the entry for the year 746.7 Following the ARF’s account of Carloman’s journey to Rome, his foundation of the monastery of St Sylvester on Mount Soratte and finally his journey to the monastery of Monte Cassino where he was made into a monk, Regino added a long digression about Carloman’s life as a monk. It related how Carloman, when he still resided at Monte Soratte, was venerated and lavishly praised because of his royal nobility and his rejection of earthly rule and secular glory. For fear of Regino, Chronicon, pp. 38–9. For doubts concerning the involvement of

in Religious Franks
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I. S. Robinson

became more intense. 1 The churchmen who opposed the claims of secular powers to control the Church’s possessions did so in the name of ‘reform’. By ‘reform’ they meant the restoration of the Church to the conditions of an earlier golden age of prosperity and freedom. Abbot Desiderius of Monte Cassino wrote of Pope Leo IX that ‘all ecclesiastical affairs were renewed and

in The Papal Reform of the Eleventh Century
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Kriston R. Rennie

III following suit in 801. 86 In 875, Pope John VIII became involved in the monastery of Flavigny, confirming that Charles the Bald had indeed given Bishop Adalgar of Autun rights over properties belonging to the monastery. 87 Both Pope Benedict III (855) and Nicholas I (863) confirmed the privileges for Corbie, which granted the monastery rights in abbatial election, freedom ( liberam ) and power ( potestas ) in all things necessary to follow the rule. 88 For Monte Cassino (784), Nicholas likewise ensured protection from episcopal interference, unless the bishop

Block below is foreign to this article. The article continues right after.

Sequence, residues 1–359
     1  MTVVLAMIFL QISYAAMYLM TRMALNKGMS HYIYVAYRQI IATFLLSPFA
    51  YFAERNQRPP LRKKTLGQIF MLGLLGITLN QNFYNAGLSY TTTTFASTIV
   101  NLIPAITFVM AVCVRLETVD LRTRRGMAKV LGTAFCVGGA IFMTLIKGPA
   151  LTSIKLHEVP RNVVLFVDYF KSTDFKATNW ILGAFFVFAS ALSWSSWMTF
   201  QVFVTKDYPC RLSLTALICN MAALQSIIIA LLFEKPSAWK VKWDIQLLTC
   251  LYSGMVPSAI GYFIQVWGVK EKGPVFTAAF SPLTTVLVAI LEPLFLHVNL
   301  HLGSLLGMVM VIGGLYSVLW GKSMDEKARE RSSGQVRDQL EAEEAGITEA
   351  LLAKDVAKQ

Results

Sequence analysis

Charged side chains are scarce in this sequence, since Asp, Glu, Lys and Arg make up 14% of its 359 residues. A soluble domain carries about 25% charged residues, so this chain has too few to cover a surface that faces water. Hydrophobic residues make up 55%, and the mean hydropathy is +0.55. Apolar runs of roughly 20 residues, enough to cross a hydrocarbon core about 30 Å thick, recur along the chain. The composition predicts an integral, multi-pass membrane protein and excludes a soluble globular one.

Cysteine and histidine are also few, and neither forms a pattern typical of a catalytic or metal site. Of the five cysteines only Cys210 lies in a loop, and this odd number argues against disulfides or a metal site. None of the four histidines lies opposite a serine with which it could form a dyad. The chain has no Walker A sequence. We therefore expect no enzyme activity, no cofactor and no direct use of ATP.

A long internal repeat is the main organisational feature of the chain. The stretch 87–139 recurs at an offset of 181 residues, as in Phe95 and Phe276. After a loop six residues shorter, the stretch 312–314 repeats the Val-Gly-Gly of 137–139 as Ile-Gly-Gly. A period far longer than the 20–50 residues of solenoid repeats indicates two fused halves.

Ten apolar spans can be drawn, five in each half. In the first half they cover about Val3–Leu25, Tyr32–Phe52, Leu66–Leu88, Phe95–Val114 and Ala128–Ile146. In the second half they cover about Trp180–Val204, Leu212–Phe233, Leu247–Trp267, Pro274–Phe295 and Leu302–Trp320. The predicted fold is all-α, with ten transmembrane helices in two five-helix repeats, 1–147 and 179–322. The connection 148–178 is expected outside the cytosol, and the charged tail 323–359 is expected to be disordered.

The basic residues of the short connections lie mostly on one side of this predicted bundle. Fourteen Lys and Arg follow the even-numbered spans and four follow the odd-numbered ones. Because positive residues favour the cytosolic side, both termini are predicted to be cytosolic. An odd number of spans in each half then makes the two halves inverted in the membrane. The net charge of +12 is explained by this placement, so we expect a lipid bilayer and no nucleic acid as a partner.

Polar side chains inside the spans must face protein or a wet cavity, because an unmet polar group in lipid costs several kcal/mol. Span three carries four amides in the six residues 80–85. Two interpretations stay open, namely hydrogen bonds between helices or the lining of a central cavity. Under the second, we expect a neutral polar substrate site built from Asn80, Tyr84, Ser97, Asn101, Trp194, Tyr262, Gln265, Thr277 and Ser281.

in Freedom and protection
Graham A. Loud

Henry of Bavaria, the emperor’s son-inlaw, on the latter’s instructions and together with Pope Innocent, entered the Campania. 38 They pitched camp in the plain next to Monte Cassino, and sent the pope’s chaplain Richard, himself a monk of Cassino, to the monastery, telling them that if they were willing to receive them and show their obedience to Pope Innocent, then the latter would to the

in Roger II and the creation of the Kingdom of Sicily
I. S. Robinson

(1 January 1047 in Colonna near Frascati), 179–81 (3 January in Rome), 183 (7 January in Colonna). He travelled by way of the abbey of Monte Cassino ( Chronicle of Monte Cassino II.78, pp. 322–3) to Capua ( D.H.III 184, 3 February). 209 Hunfried, archbishop of Ravenna (1047–51); Theoderic, bishop

in Eleventh-century Germany
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Kriston R. Rennie

-year pontificate, we know of seven genuine privileges for the monasteries of Monte Cassino ( c . 858–67), Fulda (863), Corbie (863), Flavigny (863), Saint-Denis (863), Saint-Calais (863), Vézelay and Pothières (863). Just as important to the history of exemption are five forgeries attributed to Nicholas for the monasteries of Subiaco (× 2, 859), Saint-Pierre-au-Mont-Blandin (863), Monte Cassino ( c . 858–67), and a grand privilege of liberties for all French monasteries (863). To be sure, understanding this pope’s association with the wider history of exemption requires some

in Freedom and protection